Looking at these distant events, what should one make of the Crusades? Are the critics like Barack Hussein Obama correct? Is this historical movement a blot upon Western Civilization?
Point of Criticism: The Crusaders had no claim to the land. It was Muslim land.
False. It was Christian land before it was Muslim. After the Resurrection of Jesus Christ, Christianity slowly but steadily grew in popularity and influence throughout the eastern Mediterranean, including Judea and Jerusalem. Within a hundred years Jerusalem was recognized as one of the four primary centers of Christianity, its bishop holding the title Patriarch, a rank retained until the city's capture in the seventh century. Thus, the Holy Land was originally part of the general church world, a prominent province of the Christian Byzantine Empire, and Jerusalem was accorded a unique position of high status as the mother of Christendom four full centuries before Islam was invented. During this time, hundreds of beautiful churches were built and scores of Holy Sites identified as places that pilgrims might wish to visit.
In 614, the Sassanid Empire (from what is today called Iran) overran most of Syria and Palestine, smashing the resistance of Jerusalem's Christian defenders. Twenty-four years later the Muslims captured it, and the remaining Christians were compelled to acknowledge Caliph Omar as their master. However, the record of history is unambiguous; it was Christian land long before it was Muslim, and as the geographical womb of Christianity it is only reasonable that believers in the faith of the Nazarene would hold it uniquely dear. The Christian Byzantine Empire made several concerted attempts to liberate Jerusalem, but without success. When finally the Latin Kingdoms of Western Europe launched the First Crusade in 1095, it was only after the realization that the Byzantines were unable to get the job done and after a wearisome trail of abuses of had been perpetrated on Christian residents.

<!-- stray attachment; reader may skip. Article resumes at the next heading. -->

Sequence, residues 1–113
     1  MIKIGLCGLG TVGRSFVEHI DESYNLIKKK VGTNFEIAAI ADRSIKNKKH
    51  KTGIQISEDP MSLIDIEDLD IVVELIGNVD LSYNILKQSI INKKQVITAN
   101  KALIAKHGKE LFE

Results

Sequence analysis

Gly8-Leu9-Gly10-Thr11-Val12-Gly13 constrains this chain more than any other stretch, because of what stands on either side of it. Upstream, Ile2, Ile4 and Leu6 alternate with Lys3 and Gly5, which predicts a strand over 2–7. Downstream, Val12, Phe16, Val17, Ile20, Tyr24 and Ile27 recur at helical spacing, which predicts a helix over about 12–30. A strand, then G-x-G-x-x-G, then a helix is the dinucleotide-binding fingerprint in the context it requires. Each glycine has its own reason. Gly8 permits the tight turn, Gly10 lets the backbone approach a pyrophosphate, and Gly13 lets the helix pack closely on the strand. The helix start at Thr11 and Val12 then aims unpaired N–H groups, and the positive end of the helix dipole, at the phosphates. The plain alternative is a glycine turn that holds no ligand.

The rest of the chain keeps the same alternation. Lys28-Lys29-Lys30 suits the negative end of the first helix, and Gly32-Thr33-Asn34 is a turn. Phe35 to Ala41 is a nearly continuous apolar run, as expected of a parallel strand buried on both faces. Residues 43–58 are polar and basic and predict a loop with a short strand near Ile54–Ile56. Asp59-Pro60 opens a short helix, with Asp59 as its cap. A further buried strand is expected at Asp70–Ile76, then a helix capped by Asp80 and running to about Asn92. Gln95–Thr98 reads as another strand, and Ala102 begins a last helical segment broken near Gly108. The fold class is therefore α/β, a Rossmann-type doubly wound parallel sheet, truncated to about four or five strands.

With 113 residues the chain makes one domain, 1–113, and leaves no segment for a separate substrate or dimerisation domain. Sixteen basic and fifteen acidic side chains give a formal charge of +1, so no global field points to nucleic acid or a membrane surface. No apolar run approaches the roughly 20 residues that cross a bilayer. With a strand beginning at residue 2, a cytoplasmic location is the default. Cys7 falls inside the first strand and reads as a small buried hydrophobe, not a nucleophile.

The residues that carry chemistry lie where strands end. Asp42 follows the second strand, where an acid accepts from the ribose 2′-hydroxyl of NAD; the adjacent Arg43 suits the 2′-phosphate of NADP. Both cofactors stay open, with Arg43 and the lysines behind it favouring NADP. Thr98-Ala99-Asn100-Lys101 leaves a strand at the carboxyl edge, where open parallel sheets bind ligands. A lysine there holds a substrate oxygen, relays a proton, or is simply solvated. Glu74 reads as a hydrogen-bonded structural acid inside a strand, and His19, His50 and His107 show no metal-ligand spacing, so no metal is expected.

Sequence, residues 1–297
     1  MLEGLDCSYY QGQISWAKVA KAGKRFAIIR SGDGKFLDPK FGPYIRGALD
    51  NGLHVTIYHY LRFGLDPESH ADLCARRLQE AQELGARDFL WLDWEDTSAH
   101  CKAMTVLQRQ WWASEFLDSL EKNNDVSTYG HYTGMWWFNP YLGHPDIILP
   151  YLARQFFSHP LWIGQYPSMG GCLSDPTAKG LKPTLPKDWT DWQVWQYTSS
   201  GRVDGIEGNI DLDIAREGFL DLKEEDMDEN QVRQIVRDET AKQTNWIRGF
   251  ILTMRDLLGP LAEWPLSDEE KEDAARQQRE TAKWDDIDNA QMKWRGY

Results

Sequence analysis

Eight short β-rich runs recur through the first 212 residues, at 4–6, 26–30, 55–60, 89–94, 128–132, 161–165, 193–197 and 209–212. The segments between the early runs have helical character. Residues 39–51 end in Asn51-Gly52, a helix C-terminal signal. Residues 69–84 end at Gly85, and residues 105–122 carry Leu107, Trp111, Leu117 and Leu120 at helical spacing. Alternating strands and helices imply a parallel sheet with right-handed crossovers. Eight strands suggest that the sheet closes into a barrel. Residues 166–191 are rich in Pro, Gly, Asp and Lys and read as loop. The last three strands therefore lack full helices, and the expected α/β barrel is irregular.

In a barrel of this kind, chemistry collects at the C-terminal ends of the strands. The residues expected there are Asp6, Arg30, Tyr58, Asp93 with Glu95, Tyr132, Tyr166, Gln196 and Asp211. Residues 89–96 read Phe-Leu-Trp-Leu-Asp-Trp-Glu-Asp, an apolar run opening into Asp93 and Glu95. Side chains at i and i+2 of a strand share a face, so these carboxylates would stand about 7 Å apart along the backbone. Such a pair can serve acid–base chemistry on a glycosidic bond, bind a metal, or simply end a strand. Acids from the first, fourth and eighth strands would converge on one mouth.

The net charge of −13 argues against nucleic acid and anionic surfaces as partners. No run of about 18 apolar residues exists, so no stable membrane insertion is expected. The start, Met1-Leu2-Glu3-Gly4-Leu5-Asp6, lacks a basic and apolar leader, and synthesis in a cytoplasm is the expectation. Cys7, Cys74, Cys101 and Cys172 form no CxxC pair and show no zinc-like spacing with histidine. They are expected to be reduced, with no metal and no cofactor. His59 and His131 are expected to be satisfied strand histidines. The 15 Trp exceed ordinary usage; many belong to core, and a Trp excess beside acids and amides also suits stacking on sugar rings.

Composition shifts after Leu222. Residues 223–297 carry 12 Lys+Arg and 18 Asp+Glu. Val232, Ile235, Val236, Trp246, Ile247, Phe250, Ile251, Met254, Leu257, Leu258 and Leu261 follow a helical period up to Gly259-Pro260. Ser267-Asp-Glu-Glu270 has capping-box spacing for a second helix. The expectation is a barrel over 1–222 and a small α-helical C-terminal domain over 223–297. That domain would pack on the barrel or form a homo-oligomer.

Some European who "took up the cross" viewed themselves as agents of Roman Church officials, others were stimulated out a private sense of conviction, and a few were grubbing for a new stake in life and hoped for a financial reward. But all believed they were liberating what had been stolen from the Christian faith and were imbued with a sense of sacred duty.